More Room in a Broken Heart: The True Adventures of Carly Simon by Stephen Davis is slated for a release soon. But the subject of the new biography is not impressed. Carly Simon sent through her email list and posted to her website the following message yesterday:
We have been receiving a lot of questions regarding an Unauthorized biography of Carly Simon, that is coming out this month: More Room In A Broken Heart, The True Adventures of Carly Simon by Stephen Davis.
Carly wants to be sure that her fans know that, regardless of what the publisher of the book is advertising, she had nothing to do with the creation of this book and she does not support it in any way. She was not interviewed for this book. There are numerous factual errors, fictional stories, made-up quotes, and “clipped” stories from other books and magazines.
Questions about the integrity and accuracy of the book were initially raised December 11, when author Sheila Weller (Girls Like Us: Carole King, Joni Mitchell, Carly Simon – And the Journey of a Generation, which was made with Carly’s cooperation and promoted on her website when it was originally released in 2008) posted on her Facebook page a link to a story previewing content from More Room in a Broken Heart that directly used an exclusive story in her own best-selling and critically acclaimed book. Regarding Davis’ book, she wrote:
What do we do with these unabashed clip-jobbers? Just roll our eyes and shake our heads, I guess. This anecdote was lifted whole (quote, verbatim) from exclusive (though, dare I say, far more nuanced) material in my book. Davis has no source notes, no bibliography, not one single author/journo acknowledgement in his whole book. Disdainful bemusement for a Sunday morning…
She later added that she reached out to the publisher Penguin/Gotham suggesting they add some kind of bibliography but simply got back a “snippy reply,” at which point she let the matter drop.
Jim Morrison’s widow Patricia Kennealy-Morrison experienced similar problems with Davis when he published Jim Morrison: Life, Death, Legend in 2004. In a response to Weller’s post, Kennealy-Morrison wrote:
Davis is a hack of the worst sort. Did a clip-job bio of my husband some years ago and never bothered to talk to ANY primary sources, not just me.
Several days later, entertainment journalist Roger Friedman posted an article on Showbiz411 that went into greater detail about the problems with the book. He writes, in part:
Davis makes some serious mistakes and I’d say possibly commits plagiarism. Some mistakes I’ve checked with Simon and her staff. Others I have first hand knowledge of. Davis, for example, liberally quotes from lots of interviews Simon has given over the years without ever giving proper credit or citation. Penguin Books should be ashamed of itself for not asking Davis for research attribution.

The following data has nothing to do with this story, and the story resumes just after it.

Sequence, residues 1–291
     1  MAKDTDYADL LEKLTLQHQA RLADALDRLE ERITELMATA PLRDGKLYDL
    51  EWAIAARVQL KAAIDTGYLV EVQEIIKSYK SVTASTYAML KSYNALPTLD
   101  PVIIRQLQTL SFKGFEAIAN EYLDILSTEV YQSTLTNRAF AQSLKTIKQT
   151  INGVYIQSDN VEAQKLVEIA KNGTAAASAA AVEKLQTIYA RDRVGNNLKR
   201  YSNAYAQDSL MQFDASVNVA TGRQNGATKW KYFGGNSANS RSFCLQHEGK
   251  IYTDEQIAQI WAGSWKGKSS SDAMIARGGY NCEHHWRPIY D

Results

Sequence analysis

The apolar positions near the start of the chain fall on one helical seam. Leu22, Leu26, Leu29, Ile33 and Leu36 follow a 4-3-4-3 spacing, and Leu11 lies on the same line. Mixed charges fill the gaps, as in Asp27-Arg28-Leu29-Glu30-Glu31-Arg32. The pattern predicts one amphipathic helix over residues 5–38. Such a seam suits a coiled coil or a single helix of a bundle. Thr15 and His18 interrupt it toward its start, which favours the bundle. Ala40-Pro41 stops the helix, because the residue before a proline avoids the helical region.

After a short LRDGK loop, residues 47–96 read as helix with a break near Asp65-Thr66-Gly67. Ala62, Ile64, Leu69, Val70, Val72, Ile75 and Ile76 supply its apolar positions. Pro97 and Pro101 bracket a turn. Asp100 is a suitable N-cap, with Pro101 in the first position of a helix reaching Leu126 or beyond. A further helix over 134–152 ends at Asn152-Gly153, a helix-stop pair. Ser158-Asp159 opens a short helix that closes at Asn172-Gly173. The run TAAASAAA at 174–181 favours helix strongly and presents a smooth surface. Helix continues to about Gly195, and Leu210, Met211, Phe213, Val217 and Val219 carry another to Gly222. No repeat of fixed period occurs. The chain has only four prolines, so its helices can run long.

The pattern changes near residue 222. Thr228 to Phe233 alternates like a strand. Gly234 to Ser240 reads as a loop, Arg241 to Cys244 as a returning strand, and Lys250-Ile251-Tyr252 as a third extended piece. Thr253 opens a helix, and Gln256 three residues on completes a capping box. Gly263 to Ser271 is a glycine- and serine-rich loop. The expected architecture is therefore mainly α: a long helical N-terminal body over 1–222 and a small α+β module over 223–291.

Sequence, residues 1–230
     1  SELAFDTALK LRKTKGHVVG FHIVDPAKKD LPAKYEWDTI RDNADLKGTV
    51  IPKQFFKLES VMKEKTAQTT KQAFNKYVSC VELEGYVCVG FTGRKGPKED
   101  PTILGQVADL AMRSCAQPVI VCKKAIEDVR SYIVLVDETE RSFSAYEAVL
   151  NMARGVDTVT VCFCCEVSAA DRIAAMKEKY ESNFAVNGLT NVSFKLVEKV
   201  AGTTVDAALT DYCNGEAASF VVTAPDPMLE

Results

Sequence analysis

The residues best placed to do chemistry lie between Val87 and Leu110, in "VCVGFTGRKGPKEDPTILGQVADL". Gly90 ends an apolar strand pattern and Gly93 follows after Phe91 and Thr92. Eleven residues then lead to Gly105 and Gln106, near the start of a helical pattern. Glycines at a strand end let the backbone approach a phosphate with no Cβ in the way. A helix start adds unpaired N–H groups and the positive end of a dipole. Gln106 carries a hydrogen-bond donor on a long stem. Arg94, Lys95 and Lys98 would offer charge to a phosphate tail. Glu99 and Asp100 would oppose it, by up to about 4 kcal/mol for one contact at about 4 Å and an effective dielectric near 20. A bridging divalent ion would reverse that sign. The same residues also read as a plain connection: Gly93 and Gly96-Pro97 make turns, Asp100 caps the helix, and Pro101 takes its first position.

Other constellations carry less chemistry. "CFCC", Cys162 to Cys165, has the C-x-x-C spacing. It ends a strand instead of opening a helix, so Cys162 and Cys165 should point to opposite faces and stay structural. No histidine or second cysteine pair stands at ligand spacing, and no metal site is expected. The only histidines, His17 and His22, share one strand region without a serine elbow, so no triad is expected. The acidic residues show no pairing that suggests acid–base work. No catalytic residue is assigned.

I found at least three instances of my work from pieces I’ve written about Simon in Davis’s book, without credit or attribution. I can tell you that anecdotes […] were lifted directly from an article I wrote in 1989 for Fame magazine. Davis has simply taken the quotes either verbatim or interpolated them. There are no citations.
In addition to the ethical and potentially legal implications, the book is said to contain glaring errors and false assertions about Carly’s personal life and embarrassing problems with spelling and grammar.
Whether the author or publisher will reconsider releasing the book remains to be seen but from initial response, it appears doubtful. The Boston Globe followed up with Stephen Davis on these issues, and his response failed to address concerns over his integrity as a journalist and author:
I haven’t read [Friedman’s] insipid twaddle and don’t intend to. Any accusations of inaccuracy are agenda-driven rubbish and must elicit no further comment. Carly’s father, the founder of Simon & Schuster, understood that in publishing there’s no such thing as bad publicity. Just spell the name right.
Additionally, posts made by some Carly Simon fans to the More Room in a Broken Heart Facebook page with concerns about the book were quickly deleted and the users removed. Similar emails to Gotham Books have gone unanswered.
A preview of the book can be read at Google Books, where it currently has an average of 1 star from reviewers.